Type: Compact | Sensor: 1in | Megapixels: 20.1MP | Lens: 24-70mm equivalent f/1.8-2.8 | Screen type: 3in flip-up touchscreen, 1,228,800 dots | Viewfinder: EVF, 0.39in | Continuous shooting speed: 24fps | Max video resolution: 4K | User level: Enthusiast/expert
Sony’s RX100 line is now in its sixth iteration, but the latest RX100 VI will set you back over £1100/$1100, and though it boasts a much larger zoom range than its predecessor, there are compromises. The RX100 V may only have a 24-70mm-equivalent zoom range, but you get a much faster f/1.8-2.8 maximum aperture, and a built-in 3-stop ND filter that’s ideal for exploiting the 4K, 100 Mbit/s video to the full. The older camera still benefits from Sony’s excellent 315-point phase-detect AF system, rapid 24fps continuous shooting, and a 1/32000s electronic shutter. This VA revision of the RX100 V is a subtle update that adds a new image processor and firmware. The results are an increased image buffer depth (150 to 233 shots), a new Zone AF area mode, and an option to save 720p video alongside 4K footage for speedier editing. The RX100 VA and latest VI model share the same sensor, and it’s a stunner. The RX100 VA edges ahead of similar 1-inch sensor cameras like the Panasonic TZ200/ZS200 and Canon G9 X II for image quality, thanks to its superior fine detail capture. The difference is most pronounced in low light, but it's not enough to justify the RX100 VA's price - the Panasonic TZ200 thrashes the Sony for value.
12. Sony RX10 IV
Yes it's big, but the RX10 IV could be perfect for filmmaking, not just stills
Type: Superzoom bridge | Sensor: 1in | Megapixels: 20.1MP | Lens: 24-600mm f/2.4-4 (equiv.) | LCD: 3in tilting, 1.44 million dots | Viewfinder: EVF | Continuous shooting: 24fps | Max video quality: 4K and Full HD | User level: Enthusiast/Expert
At first sight, the Sony RX10 IV looks like a very big, expensive and not very unusual long-zoom camera, but you need to look closer, because what Sony has actually made is perhaps the world’s first ‘professional’ bridge camera – and if you can put up with the extra bulk, it’s the supreme tackle-anything travel camera. We're not just talking about stills here, but video too. It's a little big and expensive for amateur video, but for professional videographers and bloggers it could prove the ideal travel camera. It features a 20-megapixel 1-inch sensor to deliver far higher image quality than the typical bridge camera, married up to a long-range 24-600mm equivalent f/2.4-4 lens that doesn’t just offer a faster maximum aperture than a typical bridge camera, but uncharacteristically good image quality at its maximum zoom setting. This is where nearly all long-zoom cameras fall down, but the RX10 IV stays sharp right through its focal range.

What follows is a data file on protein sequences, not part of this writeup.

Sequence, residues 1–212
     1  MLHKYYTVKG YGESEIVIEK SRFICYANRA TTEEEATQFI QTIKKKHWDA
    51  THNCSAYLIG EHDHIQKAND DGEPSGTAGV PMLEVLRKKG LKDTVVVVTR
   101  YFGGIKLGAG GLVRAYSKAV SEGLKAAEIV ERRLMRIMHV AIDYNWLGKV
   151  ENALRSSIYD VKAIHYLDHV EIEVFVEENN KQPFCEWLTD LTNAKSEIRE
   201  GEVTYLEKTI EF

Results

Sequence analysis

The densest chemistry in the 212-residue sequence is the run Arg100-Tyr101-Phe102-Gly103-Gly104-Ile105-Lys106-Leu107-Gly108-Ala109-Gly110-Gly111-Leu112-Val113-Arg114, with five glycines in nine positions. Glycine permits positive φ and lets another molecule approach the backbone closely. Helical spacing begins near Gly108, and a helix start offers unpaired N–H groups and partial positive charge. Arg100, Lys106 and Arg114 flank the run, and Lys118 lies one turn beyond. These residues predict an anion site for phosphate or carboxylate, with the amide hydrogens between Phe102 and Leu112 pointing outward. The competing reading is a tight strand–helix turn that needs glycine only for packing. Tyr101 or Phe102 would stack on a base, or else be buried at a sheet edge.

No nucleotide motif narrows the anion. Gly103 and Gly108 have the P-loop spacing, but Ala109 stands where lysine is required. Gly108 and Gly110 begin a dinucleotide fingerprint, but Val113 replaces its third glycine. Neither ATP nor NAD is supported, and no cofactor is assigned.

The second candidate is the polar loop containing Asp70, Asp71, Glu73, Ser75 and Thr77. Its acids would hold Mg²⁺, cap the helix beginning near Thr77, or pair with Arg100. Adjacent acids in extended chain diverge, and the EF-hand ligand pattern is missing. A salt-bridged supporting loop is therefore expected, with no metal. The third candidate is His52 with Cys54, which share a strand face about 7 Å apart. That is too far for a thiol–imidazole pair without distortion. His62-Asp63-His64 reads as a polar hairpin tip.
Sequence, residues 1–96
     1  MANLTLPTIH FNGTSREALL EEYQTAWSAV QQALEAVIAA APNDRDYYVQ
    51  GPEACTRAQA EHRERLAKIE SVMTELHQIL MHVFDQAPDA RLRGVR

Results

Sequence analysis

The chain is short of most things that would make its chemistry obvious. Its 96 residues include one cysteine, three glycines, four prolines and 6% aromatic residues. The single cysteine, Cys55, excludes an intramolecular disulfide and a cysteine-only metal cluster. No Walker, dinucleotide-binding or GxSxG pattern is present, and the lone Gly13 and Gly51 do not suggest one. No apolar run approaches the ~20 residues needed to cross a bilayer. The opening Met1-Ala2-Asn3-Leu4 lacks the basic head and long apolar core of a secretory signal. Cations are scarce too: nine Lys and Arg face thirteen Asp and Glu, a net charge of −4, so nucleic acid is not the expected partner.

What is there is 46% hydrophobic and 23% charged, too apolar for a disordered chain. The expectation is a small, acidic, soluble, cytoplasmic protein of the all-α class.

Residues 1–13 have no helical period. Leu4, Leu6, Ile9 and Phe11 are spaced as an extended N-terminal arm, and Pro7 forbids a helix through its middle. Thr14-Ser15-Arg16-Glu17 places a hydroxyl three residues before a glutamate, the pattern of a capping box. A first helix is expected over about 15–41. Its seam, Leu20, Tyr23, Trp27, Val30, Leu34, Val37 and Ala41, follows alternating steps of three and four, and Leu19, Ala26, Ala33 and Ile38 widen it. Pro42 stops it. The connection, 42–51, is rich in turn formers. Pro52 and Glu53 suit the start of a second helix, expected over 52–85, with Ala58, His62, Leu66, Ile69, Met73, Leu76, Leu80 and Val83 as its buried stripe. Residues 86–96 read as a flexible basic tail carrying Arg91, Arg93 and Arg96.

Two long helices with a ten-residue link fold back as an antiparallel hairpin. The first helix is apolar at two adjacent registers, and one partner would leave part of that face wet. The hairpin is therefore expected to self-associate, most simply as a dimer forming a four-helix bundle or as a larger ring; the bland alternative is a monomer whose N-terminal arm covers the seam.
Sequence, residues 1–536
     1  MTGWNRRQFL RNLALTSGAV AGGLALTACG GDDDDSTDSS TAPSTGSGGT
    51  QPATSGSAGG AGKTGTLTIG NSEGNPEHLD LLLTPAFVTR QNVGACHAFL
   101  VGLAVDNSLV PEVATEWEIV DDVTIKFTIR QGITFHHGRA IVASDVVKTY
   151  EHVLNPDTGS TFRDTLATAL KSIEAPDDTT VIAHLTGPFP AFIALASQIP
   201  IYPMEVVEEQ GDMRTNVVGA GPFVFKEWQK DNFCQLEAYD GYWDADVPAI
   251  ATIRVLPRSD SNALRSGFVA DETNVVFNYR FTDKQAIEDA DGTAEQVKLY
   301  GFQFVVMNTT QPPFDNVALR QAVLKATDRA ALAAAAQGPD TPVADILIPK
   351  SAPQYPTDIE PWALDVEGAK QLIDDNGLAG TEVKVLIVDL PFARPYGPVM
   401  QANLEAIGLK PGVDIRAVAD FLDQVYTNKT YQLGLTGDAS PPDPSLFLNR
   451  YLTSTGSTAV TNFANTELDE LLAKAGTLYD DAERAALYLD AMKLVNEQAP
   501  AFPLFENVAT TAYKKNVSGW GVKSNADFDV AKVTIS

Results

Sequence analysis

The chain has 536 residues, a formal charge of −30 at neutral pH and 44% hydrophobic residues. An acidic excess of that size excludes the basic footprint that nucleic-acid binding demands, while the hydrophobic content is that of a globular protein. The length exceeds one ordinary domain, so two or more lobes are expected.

13. Panasonic Lumix TZ95 / ZS80
4K video and 30x zoom makes this Panasonic a tempting travel companion
Type: Superzoom compact | Sensor: 1in | Megapixels: 20.3MP | Lens: 24-720mm f/3.3-6.4 (equiv.) | LCD: 3in tilting, 1.04 million dots | Viewfinder: EVF, 0.21in | Continuous shooting: 10fps | Max video quality: 4K | User level: Beginner/enthusiast
Like its larger 1-inch-sensor sibling, the TZ200, the TZ95/ZS80 gets an almost-ubiquitous 4K video mode along with the same 4K photo extraction and clever post-focusing feature. Its 30x zoom lens gives a 24-720mm-equivalent focal range, and though image quality at the long end is a bit soft, fringing is very well controlled. at shorter focal lengths the TZ95 resolves plenty of fine detail, but remember that this is still a small 1/2.3-inch sensor, so don't expect stellar low light performance. At ISO 3200 image noise is obvious, and fine detail not. The TZ95's main rival is Sony's HX99, and while the Panasonic comes very close for sensor and lens performance, it can’t match the Sony's portability. At 112.0 x 68.8 x 41.6mm and 328g, the Panasonic is considerably bigger and heavier, and it feels so in the hand. In fact, the TZ95 is almost as bulky as its TZ200 stablemate, and that packs a much larger sensor. At least the chunkiness gives the TZ95 good ergonomics, plus you get a flip-forward screen for easy selfies, and, unlike the Sony HX99, the TZ95’s EVF doesn’t need to be popped up before use. However, we found the EVF in our sample camera produced an overly cool, unrealistic image preview.
14. Olympus TG-5
A super-tough camera for adventure-addicted travellers
Type: Compact | Sensor: 1/2.3in | Megapixels: 12MP | Lens: 25-100mm (equiv.) f/2.0-4.9 | LCD: 3in, 460k dots | Waterproof: 15m/50ft | Shockproof: 2.1m/7ft | Freezeproof: -10ºC/14°F | Max video resolution: 4K | User level: Beginner/enthusiast
So we round off our list with something very different. For some travellers, the only thing that matters is a camera that can stand water, ice, dust, rain and even impacts. The Olympus TG-5 might not have the zoom range or the large sensors of other cameras in our list, but if your travel adventures are either water-based or generally of the rough-and-tumble variety, the TG-5 is probably a better fit. With waterproofing, crush-proofing, shockproofing and freeze-proofing on board, the TG-5 will withstand a lot more abuse than the average compact, but it's not only its tough credentials that impress. Raw shooting and 4K video recording are two rarities on waterproof compacts, while the 12MP sensor had its pixel count deliberately lowered over the previous model to make it produce better-quality images with lower noise. It was a brave move by Olympus, but a refreshing one too.